Article Courtesy of LAW 360
By Carolina Bolado
Published March 19, 2018
Miami -- A putative class of renters battling a Miami
condominium association over purportedly illegal application and move-in
fees argued Friday over whether a reference in the association’s bylaws to
compliance with the Florida Condominium Act is enough to show the
association knew it was violating the law.
In a hearing in Miami, Jordan Shaw of Zebersky Payne LLP argued that the
fact that the association bylaws for Quantum on the Bay Condominium, a set
of two residential towers just north of Miami’s downtown, include a
provision saying they are specifically sanctioned by the Florida Condominium
Act should be enough to demonstrate that the association was familiar with
the requirements of that law.
The state law sets a maximum of $100 for fees related to any sale or lease
of a unit, but lead plaintiff August Edmund Lasseter says he was charged
more than $600 in nonrefundable fees when he rented an apartment in the
“How are you going to incorporate a specific statute into your bylaws and
then say ‘I have no idea about it?’” Shaw said.
But Nicholas Travis of Vernis & Bowling, who represents the Quantum on the
Bay association, told the court that’s not enough to show actual knowledge
by the association, which is required for Lasseter’s claim under the Florida
Consumer Collection Practices Act.
“There’s no allegation of actual knowledge in that complaint,” Travis said.
“Just an allegation of constructive knowledge, and that’s not enough.”
Judge Mavel Ruiz tended to agree, noting that the association could very
well have pulled boilerplate bylaws from a website and used those as a
template for their own rules without noting the provision about the Florida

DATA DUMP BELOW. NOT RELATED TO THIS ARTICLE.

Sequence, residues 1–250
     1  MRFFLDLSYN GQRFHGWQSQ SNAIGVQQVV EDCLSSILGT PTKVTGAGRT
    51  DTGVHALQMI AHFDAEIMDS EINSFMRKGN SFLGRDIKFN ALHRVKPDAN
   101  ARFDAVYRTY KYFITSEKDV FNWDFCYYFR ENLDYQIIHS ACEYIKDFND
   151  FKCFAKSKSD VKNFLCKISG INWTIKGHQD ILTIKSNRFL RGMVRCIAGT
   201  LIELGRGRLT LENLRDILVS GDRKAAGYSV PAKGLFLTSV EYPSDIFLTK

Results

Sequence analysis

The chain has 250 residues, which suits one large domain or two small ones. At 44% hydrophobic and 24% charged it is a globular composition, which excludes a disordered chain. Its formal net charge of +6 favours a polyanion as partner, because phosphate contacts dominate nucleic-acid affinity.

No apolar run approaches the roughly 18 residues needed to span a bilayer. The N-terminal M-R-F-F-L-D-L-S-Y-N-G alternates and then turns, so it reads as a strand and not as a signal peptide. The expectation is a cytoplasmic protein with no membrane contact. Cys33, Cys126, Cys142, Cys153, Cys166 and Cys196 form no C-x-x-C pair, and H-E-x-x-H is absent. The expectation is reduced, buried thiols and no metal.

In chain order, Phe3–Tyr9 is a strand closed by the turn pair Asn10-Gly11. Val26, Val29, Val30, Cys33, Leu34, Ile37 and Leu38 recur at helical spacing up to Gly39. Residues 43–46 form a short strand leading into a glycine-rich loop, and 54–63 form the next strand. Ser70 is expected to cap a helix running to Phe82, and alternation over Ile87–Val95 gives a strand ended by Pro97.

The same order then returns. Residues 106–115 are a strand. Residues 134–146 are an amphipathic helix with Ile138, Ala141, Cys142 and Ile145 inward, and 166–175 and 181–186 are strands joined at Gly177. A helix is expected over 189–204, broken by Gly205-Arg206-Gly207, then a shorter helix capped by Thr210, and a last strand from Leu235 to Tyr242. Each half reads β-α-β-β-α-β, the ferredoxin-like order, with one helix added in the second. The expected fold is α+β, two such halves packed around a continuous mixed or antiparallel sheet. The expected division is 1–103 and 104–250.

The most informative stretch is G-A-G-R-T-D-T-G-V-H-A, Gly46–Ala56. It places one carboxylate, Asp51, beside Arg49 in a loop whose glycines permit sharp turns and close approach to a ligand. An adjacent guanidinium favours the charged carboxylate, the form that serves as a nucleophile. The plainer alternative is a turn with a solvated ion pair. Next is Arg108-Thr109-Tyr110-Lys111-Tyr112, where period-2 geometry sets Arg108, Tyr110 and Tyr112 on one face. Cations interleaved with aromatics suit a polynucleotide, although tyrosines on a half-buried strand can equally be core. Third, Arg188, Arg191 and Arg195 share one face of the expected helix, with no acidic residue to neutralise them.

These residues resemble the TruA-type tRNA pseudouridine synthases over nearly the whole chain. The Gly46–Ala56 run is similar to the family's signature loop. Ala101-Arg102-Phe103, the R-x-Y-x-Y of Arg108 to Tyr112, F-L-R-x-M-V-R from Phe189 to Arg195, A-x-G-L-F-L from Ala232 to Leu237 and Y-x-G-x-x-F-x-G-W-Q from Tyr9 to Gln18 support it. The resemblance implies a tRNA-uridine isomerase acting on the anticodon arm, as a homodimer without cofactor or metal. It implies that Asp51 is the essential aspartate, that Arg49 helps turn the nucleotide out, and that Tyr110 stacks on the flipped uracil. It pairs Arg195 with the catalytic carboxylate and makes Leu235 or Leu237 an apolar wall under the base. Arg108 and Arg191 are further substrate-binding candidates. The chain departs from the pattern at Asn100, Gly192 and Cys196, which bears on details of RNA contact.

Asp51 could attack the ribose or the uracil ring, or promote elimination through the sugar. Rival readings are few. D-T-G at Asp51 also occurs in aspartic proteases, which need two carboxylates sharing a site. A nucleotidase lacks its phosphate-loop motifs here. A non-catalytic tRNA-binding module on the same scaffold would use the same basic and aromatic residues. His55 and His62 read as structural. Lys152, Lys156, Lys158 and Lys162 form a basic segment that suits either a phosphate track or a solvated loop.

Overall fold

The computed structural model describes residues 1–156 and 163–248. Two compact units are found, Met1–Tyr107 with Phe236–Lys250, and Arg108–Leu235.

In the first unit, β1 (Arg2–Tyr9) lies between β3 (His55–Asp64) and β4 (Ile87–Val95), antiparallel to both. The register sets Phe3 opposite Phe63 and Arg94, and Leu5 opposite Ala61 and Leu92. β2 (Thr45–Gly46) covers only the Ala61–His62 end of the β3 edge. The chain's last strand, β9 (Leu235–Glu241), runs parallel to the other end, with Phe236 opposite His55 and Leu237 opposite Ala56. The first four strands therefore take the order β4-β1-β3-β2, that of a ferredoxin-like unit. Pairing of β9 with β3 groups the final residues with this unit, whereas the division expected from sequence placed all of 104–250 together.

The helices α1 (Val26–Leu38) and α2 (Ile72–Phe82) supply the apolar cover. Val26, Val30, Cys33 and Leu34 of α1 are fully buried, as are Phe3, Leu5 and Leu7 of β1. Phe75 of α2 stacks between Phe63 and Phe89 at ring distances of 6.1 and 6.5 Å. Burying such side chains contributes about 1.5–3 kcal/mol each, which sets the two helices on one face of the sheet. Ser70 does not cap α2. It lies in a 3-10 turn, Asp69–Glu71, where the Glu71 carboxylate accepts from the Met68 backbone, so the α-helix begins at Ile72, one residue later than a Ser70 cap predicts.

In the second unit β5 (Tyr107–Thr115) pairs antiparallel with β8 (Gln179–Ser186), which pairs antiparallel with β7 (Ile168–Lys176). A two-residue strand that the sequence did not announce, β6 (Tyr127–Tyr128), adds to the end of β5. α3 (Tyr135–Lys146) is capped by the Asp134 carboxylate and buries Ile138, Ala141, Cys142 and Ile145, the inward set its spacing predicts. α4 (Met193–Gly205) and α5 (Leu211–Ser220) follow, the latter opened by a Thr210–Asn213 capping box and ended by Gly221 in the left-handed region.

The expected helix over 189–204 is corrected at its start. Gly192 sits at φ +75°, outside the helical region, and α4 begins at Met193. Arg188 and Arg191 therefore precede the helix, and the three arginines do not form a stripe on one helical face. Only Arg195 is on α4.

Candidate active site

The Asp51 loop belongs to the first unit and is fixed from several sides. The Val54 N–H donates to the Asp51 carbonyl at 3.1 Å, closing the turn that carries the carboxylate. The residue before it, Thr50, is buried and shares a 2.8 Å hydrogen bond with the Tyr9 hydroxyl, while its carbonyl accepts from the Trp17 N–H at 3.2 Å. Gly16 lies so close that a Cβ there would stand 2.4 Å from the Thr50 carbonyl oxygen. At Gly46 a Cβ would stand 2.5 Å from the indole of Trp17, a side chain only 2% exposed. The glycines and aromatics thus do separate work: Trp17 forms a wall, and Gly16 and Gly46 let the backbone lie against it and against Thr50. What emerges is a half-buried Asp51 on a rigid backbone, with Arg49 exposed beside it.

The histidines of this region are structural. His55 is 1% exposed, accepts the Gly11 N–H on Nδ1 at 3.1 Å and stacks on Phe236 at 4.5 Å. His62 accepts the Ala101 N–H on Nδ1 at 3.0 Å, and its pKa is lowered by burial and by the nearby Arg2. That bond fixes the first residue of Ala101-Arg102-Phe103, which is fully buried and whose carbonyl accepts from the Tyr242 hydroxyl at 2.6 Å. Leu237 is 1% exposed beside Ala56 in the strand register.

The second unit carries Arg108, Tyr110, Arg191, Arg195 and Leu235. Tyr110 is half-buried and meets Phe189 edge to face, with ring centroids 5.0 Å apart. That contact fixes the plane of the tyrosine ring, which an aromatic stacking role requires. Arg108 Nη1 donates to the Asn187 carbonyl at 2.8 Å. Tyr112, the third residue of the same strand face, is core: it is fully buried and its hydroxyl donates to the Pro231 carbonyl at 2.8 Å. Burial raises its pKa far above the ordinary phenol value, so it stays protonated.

Condominium Act. She dismissed the FCCPA claim without prejudice from the
bench and said she would consider whether Lasseter had adequately pled his
claim under the Florida Deceptive and Unfair Trade Practices Act, which both
parties agreed does not require actual knowledge like the FCCPA.
Travis argued that claim should fail as well, because the association was
never deceptive about the fees. They were presented up front to the
potential renter and were never hidden.
“There’s no deception,” he said. “Whether or not it violates the statute,
that doesn’t bring it into FDUTPA. They simply have not brought a proper
vehicle before the court for these claims.”
Lasseter filed suit in November 2016, claiming he had to pay a $100
screening fee, a $175 administrative review process fee, a $125 registration
and orientation fee, and a $225 move in/out fee when he rented an apartment
at Quantum on the Bay in September 2015.
In court on Friday, his attorney said that the practice is widespread
throughout Florida. A recent Miami Herald investigation found that almost
half of condo listings in Miami-Dade County featured application fees
greater than $100.
Lasseter is represented by Jordan A. Shaw of Zebersky Payne LLP and the Law
Office of Aaron Resnick.
The condominium association is represented by Nicholas W. Travis and Evelyn
M. Greenstone of Vernis & Bowling.
The case is Lasseter et al. v. Quantum on the Bay Condominium No. One
Association, case number 2016-029878-CA, in the Eleventh Judicial Circuit
Court of Florida.